Ship Design Philosophy

Discuss the Traveller RPG and its many settings
Condottiere
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Re: Ship Design Philosophy

Postby Condottiere » Sun Dec 18, 2016 7:35 am

Spaceships: Manoeuvre Drive and Weight Watchers

As someone pointed out a while ago, there are no minimums for manoeuvre drive tonnage, as opposed to power plants and jump drives.

Thumbing through Mongoose First, gravitational drives would be half a tone, while reaction ones are a quarter, but that got thrown out of the window with a revision of manoeuvre drive percentages, and doubling down on that for reaction drives.

Technically, the smallest default manoeuvre drive would be one tenth of a tonne for a ten tonne spacecraft, available at technological level nine at two hundred thousand schmuckers.

Manoeuvre drives are introduced at technological level nine, meaning that whatever zero factor drive is being introduced at technological seven can't be manipulating gravitational forces; the only thing you can do is ignore it, and install an underpowered manoeuvre drive, which at least gives some form of discernible and constant acceleration; it's also cheaper.
Condottiere
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Re: Ship Design Philosophy

Postby Condottiere » Sun Dec 18, 2016 2:32 pm

Spaceship: Shuttle Cock Class

Hull
. 10 tonnes
. 3 points
. technological level nine
. non-gravitated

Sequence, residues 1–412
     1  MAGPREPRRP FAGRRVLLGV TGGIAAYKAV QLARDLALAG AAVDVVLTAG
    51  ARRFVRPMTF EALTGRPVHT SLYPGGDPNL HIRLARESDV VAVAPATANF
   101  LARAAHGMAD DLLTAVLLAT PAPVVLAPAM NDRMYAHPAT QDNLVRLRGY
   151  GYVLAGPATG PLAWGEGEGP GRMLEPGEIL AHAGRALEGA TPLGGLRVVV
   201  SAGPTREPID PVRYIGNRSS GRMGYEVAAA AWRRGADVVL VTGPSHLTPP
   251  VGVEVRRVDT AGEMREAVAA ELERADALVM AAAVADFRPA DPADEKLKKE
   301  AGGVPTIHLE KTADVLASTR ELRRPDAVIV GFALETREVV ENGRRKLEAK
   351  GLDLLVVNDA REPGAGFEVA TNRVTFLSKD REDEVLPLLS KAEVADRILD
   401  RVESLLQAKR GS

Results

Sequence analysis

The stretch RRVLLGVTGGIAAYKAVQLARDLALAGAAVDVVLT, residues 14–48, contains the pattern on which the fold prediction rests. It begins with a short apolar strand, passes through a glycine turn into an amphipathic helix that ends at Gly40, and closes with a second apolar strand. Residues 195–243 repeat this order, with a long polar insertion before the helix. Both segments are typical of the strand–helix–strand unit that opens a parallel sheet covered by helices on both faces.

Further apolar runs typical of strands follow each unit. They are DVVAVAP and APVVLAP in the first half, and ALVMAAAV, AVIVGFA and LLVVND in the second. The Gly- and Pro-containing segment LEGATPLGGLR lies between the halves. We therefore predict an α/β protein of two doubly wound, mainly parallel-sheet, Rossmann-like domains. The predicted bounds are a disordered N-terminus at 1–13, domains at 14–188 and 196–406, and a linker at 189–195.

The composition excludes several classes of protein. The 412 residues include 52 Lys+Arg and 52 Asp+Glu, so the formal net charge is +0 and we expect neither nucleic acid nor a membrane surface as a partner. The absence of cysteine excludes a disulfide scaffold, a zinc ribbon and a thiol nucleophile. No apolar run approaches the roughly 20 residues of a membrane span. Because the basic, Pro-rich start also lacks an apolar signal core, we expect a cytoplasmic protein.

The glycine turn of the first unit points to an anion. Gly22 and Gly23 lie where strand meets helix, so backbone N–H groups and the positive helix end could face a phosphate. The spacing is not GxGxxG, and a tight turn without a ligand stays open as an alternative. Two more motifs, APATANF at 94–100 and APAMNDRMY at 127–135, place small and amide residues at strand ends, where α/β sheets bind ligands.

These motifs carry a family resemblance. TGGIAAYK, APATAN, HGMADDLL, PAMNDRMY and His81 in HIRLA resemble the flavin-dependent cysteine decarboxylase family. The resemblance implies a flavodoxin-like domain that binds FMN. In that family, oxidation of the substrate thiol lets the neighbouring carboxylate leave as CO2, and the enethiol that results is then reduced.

. lightened hull
.. MCI 0.15
. sphere configuration
.. partially streamlined
. armour
.. none
Engineering
. manoeuvre
.. factor one
.. technological level nine
.. budgeted
... increased size
.. zero point one two five tonnes
.. MCI 0.15
. solar panels
.. four
... half-tonners
.. two tonnes
.. MCI 0.2
. power plant
.. early fusion
.. eight scotts
.. technological level eight
.. budgeted
... increased size
.. one tonne
.. MCI 0.3
.. energy requirements
... basic
.... 2
... manoeuvre
.... 1
... weapons
... systems
. bunkerage
.. one tonne
.. endurance
... one hundred sixty weeks
Bridge
. cockpit
.. one point five tonnes
.. MCI 0.01
. computer
.. bandwidth five
.. technological level seven
.. MCI 0.03
.. software
... library
... manoeuvre
. sensors
.. basic
... lidar
... radar
... dice modifier minus four
Armaments
. firmpoints
Craft
Systems
.
Accommodations
. staterooms
..
Cargo
. ship's locker
. dry
.. two and three eights tonnes
Acess
. airlocks
.. one free

MCI 0.81


I like the basic concept and price, but as a civilian spacecraft, the four solar panelling are taking up too much space, and the fusion reactor is producing more power than you need, especially for an orbital runabout.

I don't think the tetrahedron concept will work at this level; probably have to upscale it.
Condottiere
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Re: Ship Design Philosophy

Postby Condottiere » Mon Dec 19, 2016 3:59 am